• Technology: Identify the key participants in your team, who will need to speak during the trial. What is the preferred device and screen setup for each participant? Do any members of your team require training on any of the technology in use?
  • Key documents: How will the trial bundle be made available to counsel teams and the court? Will it be feasible to arrange hard copies in addition to the electronic trial bundle? How will hard copies be updated in the event updates are needed? What protocol will parties follow for the uploading of documents to the electronic trial bundle?
  • Testing: All elements of the setup should be tested ahead of the trial. This includes the strength of internet connections, the quality of audio streams and the camera positions in each hearing location.
  • Observation of witnesses and experts: Where will witnesses of fact and expert witnesses be during their testimony? Do you have in-person resources available in each location to observe the witness and/or expert testimony?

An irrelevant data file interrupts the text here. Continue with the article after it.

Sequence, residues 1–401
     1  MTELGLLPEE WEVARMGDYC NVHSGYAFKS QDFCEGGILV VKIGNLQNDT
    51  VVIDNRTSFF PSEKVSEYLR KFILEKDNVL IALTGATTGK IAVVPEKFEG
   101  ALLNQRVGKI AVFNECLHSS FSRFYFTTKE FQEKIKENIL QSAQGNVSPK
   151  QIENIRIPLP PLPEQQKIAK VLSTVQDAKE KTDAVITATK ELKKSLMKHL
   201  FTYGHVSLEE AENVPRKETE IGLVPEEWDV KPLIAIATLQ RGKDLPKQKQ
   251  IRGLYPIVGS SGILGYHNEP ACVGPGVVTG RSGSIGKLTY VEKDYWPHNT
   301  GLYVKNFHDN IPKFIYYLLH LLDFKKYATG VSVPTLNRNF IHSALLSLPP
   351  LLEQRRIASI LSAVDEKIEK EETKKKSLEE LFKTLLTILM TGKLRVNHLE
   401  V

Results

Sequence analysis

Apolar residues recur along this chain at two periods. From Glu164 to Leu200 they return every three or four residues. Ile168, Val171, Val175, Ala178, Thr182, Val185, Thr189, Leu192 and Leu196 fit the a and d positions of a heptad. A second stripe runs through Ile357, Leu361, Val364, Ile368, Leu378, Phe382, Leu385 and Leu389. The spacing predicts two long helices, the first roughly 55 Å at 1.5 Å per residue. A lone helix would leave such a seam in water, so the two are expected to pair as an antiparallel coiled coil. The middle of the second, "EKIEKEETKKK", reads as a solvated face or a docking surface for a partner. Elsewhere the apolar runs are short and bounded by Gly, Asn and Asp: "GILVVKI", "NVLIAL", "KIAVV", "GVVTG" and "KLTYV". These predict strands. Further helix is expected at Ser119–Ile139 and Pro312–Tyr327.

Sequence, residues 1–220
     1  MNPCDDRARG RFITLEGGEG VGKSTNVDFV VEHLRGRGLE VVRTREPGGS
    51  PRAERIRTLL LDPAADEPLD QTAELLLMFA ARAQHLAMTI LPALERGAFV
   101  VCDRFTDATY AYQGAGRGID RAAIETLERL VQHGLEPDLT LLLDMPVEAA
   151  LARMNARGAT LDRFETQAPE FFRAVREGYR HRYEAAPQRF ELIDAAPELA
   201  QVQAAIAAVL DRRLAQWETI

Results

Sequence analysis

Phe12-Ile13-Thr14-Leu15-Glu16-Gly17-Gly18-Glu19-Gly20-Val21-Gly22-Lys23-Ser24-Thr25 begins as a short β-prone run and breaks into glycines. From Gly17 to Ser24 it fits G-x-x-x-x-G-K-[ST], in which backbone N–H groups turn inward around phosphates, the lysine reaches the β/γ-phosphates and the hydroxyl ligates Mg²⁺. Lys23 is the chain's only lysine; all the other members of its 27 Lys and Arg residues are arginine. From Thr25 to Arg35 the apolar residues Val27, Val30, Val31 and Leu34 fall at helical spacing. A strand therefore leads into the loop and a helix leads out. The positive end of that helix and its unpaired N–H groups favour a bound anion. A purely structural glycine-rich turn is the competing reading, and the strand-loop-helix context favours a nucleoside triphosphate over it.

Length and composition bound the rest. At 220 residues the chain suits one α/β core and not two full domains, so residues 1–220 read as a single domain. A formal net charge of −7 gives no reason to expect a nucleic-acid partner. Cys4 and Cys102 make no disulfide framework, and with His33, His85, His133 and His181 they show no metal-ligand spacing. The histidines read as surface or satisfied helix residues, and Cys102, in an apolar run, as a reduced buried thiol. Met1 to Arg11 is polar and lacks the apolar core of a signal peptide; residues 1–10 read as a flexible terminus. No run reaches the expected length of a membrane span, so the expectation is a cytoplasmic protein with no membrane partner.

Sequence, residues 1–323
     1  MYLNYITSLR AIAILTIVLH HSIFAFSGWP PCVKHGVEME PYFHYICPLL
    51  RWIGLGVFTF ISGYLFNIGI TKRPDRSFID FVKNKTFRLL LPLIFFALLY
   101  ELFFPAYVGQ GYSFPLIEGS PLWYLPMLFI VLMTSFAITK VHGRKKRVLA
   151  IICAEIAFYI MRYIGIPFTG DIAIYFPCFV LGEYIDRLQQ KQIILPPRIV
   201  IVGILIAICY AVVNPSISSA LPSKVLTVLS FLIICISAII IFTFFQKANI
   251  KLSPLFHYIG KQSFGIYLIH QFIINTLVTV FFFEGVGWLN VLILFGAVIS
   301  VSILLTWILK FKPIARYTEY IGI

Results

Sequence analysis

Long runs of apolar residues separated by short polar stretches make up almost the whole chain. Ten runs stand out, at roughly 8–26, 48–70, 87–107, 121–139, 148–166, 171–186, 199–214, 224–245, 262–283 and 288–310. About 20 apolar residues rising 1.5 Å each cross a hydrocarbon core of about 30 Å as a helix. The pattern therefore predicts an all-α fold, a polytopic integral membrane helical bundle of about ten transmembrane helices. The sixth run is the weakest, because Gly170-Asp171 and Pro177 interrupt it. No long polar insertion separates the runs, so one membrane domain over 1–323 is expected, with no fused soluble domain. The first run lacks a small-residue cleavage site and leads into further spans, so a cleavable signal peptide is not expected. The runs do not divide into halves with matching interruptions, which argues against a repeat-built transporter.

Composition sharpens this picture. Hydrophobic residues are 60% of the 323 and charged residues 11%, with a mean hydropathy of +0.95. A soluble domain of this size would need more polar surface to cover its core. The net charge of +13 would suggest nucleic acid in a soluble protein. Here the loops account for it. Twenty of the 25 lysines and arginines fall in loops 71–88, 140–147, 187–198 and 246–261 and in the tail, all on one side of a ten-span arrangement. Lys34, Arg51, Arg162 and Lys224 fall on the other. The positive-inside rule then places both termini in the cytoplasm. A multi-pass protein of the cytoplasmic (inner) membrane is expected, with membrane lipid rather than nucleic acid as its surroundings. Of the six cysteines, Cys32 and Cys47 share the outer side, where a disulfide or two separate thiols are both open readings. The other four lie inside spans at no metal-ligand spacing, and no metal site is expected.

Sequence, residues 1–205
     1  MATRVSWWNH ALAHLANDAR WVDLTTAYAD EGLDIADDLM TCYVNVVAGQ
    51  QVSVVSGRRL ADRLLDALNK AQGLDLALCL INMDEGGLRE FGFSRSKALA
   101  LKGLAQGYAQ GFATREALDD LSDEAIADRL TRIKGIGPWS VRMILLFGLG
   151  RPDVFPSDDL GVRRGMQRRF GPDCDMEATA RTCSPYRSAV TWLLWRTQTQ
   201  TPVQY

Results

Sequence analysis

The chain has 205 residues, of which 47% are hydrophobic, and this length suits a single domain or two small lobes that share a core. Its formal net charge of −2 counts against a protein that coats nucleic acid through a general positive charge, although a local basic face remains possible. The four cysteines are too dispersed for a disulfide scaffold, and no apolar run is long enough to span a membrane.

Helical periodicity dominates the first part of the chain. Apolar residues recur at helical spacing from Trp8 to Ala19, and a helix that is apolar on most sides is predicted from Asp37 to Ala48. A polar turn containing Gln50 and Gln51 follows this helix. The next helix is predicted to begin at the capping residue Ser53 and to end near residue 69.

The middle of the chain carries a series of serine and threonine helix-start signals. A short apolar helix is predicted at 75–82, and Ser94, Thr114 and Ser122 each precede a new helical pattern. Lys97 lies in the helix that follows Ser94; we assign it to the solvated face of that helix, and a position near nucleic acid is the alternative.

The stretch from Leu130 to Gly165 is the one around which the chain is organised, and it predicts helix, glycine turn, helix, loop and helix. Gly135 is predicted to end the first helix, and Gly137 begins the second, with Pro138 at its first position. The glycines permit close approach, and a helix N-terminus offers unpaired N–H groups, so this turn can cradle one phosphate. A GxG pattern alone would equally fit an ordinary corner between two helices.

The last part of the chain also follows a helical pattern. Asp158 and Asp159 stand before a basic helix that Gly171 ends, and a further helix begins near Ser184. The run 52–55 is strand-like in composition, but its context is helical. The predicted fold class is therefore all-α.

• Interpreters: If interpreters are needed, do you intend to use simultaneous or consecutive interpretation? Can your chosen hearing platform support simultaneous translation? Is your audio quality of a sufficiently high standard to permit interpretation or will additional technology such as headsets be required?

Lesson 3: Try to Read the Room. There were both positive and negative consequences as a result of the lack of physical proximity. Witnesses seemed less nervous giving evidence by video. There were, however, times where witnesses and counsel spoke over one another, and problems with technology and audio quality interrupted their evidence. For counsel and solicitors, however, perhaps the biggest downside was the lack of physical proximity to the judge.